The present invention relates to systems and methods for filtering detected events to determine events of interest. In accordance with one aspect of the present invention, an event capture and filtering system is provided. A sensor data analysis system identifies a plurality of detected events from provided sensor data, and evaluates the sensor data to determine at least one characteristic associated with each event. The sensor data analysis system reports the plurality of detected events and their associated characteristics. At least one affiliated event generator is operative to generate at least one affiliated event, and produce at least one event report. A given event report provides at least one characteristic associated with an affiliated event. An event filtering system compares the at least one event report to the detected events to identify at least one affiliated event amongst the plurality of detected events.
In accordance with another aspect of the invention, a method of identifying events of interest within a defined area is provided. Raw sensor data representing a plurality of detected events in the defined area is collected. The collected data are analyzed to determine at least one associated characteristic for each detected event. At least one event report is generated representing respective events affiliated with the system. A given event report includes at least one associated characteristic of an event affiliated with the system. The generated at least one event report is matched to the detected events to determine which of the detected events are affiliated with the system. The detected events are filtered to remove the events affiliated with the system, so as to identify at least one event of interest. This aspect of the invention assumes that the events not affiliated with the system are of primary interest, and are the best candidates for further evaluation and identification.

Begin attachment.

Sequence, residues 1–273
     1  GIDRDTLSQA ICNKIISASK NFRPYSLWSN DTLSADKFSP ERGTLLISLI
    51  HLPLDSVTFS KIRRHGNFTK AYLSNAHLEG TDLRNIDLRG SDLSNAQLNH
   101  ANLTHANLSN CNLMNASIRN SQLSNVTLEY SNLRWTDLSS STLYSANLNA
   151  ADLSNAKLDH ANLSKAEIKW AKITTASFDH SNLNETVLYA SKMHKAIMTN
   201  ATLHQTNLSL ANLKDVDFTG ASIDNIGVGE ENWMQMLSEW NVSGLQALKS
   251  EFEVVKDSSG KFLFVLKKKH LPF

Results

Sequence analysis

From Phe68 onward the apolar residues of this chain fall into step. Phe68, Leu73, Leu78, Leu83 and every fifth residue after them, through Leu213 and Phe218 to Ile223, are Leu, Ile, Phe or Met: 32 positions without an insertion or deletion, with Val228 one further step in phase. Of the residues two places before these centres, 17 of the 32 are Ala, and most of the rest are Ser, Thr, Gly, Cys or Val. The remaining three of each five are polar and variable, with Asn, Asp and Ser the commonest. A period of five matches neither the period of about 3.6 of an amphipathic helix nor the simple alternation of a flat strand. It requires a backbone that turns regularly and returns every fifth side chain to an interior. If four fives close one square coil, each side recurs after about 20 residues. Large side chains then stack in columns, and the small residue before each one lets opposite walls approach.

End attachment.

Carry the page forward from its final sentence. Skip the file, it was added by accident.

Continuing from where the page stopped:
The present invention relates to systems and methods for filtering detected events to determine one or more events of interest. A surveillance system can include one or more sensors that monitor an area of interest to detect the occurrence of events. The sensor data relating to these detected events can be interpreted to narrow the list of events and to provide data concerning various characteristics of the detected events. Concurrently, event generators affiliated with the system can report to the other components of the system to other components of the system the generation of events that are expected to be discernable by one or more of the sensors. For example, a weapon under our own control might fire; an event generator integrated into that weapon would report that event to the event filtering system. If a sensor detects this particular weapon firing, by association (which can be performed automatically by a computer) of the weapon firing event (reported by the event generator) with the sensor detection in time, space, and signature, an indicative or definitive interpretation of the sensed phenomena can be made available in near-real-time to all associated decision makers, and this sensed event can be described as a firing of one of our own weapons. The reports of affiliated/generation events can be provided to other event generators, to a central control area (such as a command station), and an event filtering system. These event reports can include a number of characteristics associated with the event. The event filtering system can compare the characteristics of the affiliated events to the characteristics of all of the detected events to determine which of the detected events are affiliated with the system, and which are unaffiliated with the system. Using this information, sensor resources, and/or human resources can be assigned to investigate the unaffiliated events, without wasting resources on events initiated by units affiliated with the system.